If you are a parent, you likely plan to pass down some, or all, of your estate assets to your children upon your death. If your children are still minors, they cannot inherit directly from your estate; however, once they are legal adults you can leave assets directly to them within your estate plan. Just because you can though doesn’t mean it’s the best idea. The Loveland area estate planning attorneys at Zimmer Law Office explain why you should avoid leaving children a lump sum inheritance.
Gifting in Your Last Will and Testament
Your Last Will and Testament can be used to accomplish the entire distribution of your estate; however, gifts made in your Will are distributed directly to the intended beneficiary without any conditions or controls. Once the gift is made, the beneficiary can do anything he/she wants with the gift. Sometimes, the lack of conditions or continued control is not a problem; however, when gifting to a young beneficiary or a beneficiary with a history of not handling money well, making direct gifts in a Will can be problematic. It is ever more problematic if you plan to leave your entire estate to your child(ren) in one lump sum.
What Is Wrong with Gifting a Lump Sum?
Gifts made in your Will are made directly to the beneficiary, in one lump sum. and without any conditions about how the assets can be used. No matter how responsible your young adult child may be, handing a 19- or 20-year-old a valuable lump sum inheritance can be problematic. It takes a good deal of trial and error for anyone to learn how to properly manage and invest money. That trial and error usually occur over a period when we are young and don’t have a considerable amount of money to lose. Gifting a large lump sum of money to a young adult, however, dramatically increases what he/she stands to lose. Inheriting a lump sum of money also makes your child a target for scam artists and “friends” with less than honorable intentions – and you won’t be around to watch out for your child. All in all, the potential problems that come along with a lump sum inheritance are significant and can be avoided by using an alternate method of distributing your estate, such as a trust.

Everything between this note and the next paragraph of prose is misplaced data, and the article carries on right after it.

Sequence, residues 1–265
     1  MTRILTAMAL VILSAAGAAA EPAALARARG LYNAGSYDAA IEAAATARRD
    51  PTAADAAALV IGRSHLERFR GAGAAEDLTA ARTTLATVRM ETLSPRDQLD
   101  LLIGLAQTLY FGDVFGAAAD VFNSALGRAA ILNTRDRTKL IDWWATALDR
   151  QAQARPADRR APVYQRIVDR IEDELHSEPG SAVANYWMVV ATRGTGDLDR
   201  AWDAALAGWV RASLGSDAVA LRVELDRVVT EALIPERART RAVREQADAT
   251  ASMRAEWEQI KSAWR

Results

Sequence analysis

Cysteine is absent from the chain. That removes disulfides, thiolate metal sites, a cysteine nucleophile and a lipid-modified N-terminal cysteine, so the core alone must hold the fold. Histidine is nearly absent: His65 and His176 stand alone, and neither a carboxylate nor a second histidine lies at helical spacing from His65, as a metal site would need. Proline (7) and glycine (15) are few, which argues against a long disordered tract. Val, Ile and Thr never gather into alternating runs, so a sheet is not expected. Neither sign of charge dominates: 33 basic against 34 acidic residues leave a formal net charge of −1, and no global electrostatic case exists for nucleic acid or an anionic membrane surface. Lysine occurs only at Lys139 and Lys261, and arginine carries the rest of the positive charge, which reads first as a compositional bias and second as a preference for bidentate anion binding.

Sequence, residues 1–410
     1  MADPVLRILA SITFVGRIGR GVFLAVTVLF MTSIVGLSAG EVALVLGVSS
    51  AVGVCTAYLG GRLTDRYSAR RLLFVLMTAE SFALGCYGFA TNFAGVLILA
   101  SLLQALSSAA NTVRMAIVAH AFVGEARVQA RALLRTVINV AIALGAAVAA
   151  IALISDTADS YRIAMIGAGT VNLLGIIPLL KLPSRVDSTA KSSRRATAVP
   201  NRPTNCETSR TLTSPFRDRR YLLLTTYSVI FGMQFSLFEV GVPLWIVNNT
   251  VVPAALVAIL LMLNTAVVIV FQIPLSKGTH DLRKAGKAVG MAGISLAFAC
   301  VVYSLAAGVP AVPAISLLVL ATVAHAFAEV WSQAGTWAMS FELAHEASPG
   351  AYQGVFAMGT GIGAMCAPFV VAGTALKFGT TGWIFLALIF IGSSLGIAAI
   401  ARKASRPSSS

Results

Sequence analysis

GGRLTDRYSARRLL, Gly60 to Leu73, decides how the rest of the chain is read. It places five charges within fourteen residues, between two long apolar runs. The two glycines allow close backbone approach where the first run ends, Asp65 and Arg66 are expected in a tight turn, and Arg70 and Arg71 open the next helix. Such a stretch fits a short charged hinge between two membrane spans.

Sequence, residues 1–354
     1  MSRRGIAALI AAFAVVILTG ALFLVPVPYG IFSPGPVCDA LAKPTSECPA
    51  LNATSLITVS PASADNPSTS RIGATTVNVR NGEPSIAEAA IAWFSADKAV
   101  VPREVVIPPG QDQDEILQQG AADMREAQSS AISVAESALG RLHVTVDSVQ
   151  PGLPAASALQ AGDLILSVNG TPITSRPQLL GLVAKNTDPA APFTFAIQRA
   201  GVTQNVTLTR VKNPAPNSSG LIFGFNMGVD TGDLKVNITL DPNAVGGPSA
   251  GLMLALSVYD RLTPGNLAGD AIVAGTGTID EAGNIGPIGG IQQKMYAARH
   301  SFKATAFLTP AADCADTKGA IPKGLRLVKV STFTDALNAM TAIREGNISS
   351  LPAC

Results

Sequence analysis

How Can a Trust Help?
A trust is a legal relationship where property is held by one party for the benefit of another party. The person who creates a trust is referred to as the “Settlor”, “Trustor” or “Grantor.” The Settlor transfers property to a Trustee, appointed by the Settlor. The Trustee holds that property for the trust’s beneficiaries, also named by the Settlor. The overall job of a Trustee is to protect and invest trust assets and to administer the trust terms found in the trust agreement. Trusts all fall into one of two categories – testamentary or living trusts. A testamentary trust is activated by a provision in the Settlor’s Will at the time of death whereas a living trust activates once all formalities of creation are in place and the trust is funded. Living trusts can be further divided into revocable and irrevocable living trusts. Because your Will can always be modified up to the point of your death, a testamentary trust is always revocable.
One of the most attractive benefits of a trust for a parent is the ability to avoid leaving a lump sum inheritance. Moreover, the trust can be used to effectively protect and guard your child’s inheritance while he/she is a minor and then to provide staggered disbursements when your child reaches the age of majority. The terms of the trust, created by you, can be used to direct the distribution of the inheritance in staggered disbursements over as long a period as you wish. For example, you could distribute a small “allowance” on a monthly or yearly basis. You could also distribute the assets in smaller lump sums. This is often what parents of a minor child do. The child might receive a lump sum when he/she turns 18, then a larger lump sum at age 21 with consecutively larger lump sums every few years until the trust assets are depleted. Because you control the creation of the trust, you control how the trust assets are gifted to the trust beneficiaries, thereby avoiding a single lump sum gift.
Contact a Loveland Area Estate Planning Attorney
For more information, please join us for an upcoming FREE webinar. If you have additional questions or concerns about how to leave an inheritance to your children, contact an experienced Loveland area estate planning attorney at Zimmer Law Office by calling 513-721-1513 to schedule your appointment today.
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